Disappointment with AI in radiology

Gary Smith and Jefferey Funk writing for qz.com:

Furthermore, only 40 of the more than 80 radiology algorithms currently cleared by the FDA, along with 27 in-house tools, were utilized by respondents. Only 34% of these were used for image interpretation; the other applications included work list management, image enhancement, operations, and measurements. The bottom line: only about 11% of radiologists used AI for image interpretation in a clinical practice.

The American College of Radiology survey agreed with Ng: “A large majority of the FDA-cleared algorithms have not been validated across a large number of sites, raising the possibility that patient and equipment bias could lead to the inconsistent performance.”

The disappointment is related to insufficient training of datasets while being cleared by the regulator. Therefore, while it can protect against indemnity, the underlying expectation is flawed. If the premise of having a magical AI algorithm sits back through the workload holds with every purchase, the buyers are going to be dissatisfied. It comes down to what algorithm is being pushed and for what purpose. Therefore, also the need to have a consistent focus on standardisation. They have quoted a study (published) on a survey which is highly inconsistent with capturing the truth. It only reflects the “mood”. Besides, who would ensure radiologists find time magically tick of questions in surveys?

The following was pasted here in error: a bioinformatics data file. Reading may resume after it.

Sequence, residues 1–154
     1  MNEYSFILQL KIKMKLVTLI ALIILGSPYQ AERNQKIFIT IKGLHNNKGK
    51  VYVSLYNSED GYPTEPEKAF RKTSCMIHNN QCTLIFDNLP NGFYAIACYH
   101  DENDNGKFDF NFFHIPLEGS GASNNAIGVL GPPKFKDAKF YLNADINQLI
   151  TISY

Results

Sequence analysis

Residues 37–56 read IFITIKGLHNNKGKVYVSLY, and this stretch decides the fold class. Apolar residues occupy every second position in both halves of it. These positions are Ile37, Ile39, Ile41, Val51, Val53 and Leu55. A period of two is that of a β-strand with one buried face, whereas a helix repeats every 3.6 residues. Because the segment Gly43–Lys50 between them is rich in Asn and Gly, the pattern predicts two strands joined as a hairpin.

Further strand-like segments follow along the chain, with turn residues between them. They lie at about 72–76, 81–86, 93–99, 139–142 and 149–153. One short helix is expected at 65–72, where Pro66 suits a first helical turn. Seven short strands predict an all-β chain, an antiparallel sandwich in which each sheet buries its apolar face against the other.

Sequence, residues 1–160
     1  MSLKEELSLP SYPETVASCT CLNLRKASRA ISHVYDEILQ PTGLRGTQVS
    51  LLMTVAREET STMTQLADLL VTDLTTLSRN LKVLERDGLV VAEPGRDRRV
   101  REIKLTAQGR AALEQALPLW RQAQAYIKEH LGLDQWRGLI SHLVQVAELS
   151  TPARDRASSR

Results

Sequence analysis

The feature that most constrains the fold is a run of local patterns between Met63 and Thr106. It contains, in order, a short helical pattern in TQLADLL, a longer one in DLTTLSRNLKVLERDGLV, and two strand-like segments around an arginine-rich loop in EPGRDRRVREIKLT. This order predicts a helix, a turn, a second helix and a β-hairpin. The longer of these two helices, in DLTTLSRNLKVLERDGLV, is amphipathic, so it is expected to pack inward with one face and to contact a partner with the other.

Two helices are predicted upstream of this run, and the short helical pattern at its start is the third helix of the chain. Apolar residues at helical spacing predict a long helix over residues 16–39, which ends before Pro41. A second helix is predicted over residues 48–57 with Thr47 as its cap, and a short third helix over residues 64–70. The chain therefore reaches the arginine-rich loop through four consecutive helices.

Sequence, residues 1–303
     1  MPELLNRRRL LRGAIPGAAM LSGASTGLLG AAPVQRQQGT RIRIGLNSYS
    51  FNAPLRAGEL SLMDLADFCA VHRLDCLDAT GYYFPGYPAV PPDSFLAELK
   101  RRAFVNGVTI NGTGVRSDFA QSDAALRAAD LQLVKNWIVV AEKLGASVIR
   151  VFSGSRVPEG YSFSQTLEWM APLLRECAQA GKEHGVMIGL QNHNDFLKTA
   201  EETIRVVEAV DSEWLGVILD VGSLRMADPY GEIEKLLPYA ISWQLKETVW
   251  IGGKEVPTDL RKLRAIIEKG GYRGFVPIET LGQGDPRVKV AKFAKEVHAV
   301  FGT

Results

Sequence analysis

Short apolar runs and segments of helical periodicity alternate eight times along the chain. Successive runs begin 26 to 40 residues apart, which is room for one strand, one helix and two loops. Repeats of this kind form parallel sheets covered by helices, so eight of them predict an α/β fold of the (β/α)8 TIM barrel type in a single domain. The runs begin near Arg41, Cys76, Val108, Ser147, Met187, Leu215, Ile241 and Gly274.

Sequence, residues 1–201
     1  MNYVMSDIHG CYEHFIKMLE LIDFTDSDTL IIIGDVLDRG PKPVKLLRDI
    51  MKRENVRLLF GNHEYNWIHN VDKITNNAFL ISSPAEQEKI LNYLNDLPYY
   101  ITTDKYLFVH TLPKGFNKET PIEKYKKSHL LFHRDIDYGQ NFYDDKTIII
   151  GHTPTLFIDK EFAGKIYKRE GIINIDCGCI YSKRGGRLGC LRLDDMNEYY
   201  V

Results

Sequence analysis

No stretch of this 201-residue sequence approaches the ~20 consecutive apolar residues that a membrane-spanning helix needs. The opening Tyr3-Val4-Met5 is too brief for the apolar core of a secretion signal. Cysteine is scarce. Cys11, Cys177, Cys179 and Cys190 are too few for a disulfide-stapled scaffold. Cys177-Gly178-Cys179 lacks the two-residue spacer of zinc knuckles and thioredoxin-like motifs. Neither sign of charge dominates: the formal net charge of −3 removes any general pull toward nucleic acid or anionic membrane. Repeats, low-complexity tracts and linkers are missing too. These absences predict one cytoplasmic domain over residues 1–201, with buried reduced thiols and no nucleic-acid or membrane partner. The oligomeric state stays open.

There was a comment on this on another blog too:

Interesting. I’m not sure what to think here. AI will only get better, not worse, so it seems reasonable to suppose that in the not-too-distant future it will be useful, at the very least as aid to radiologists. A lot of work has to get into making any system be useful in practice, but there’s lots and lots of money in radiology so I’d think that someone could be put on the job of building a useful tool.

I don’t necessarily disagree, and I am not going to turn cynical about the potential. We merely need training datasets and “real-world” applications with built-in metrics to constantly iterate software in the background. Those buying it should understand its limitations too.

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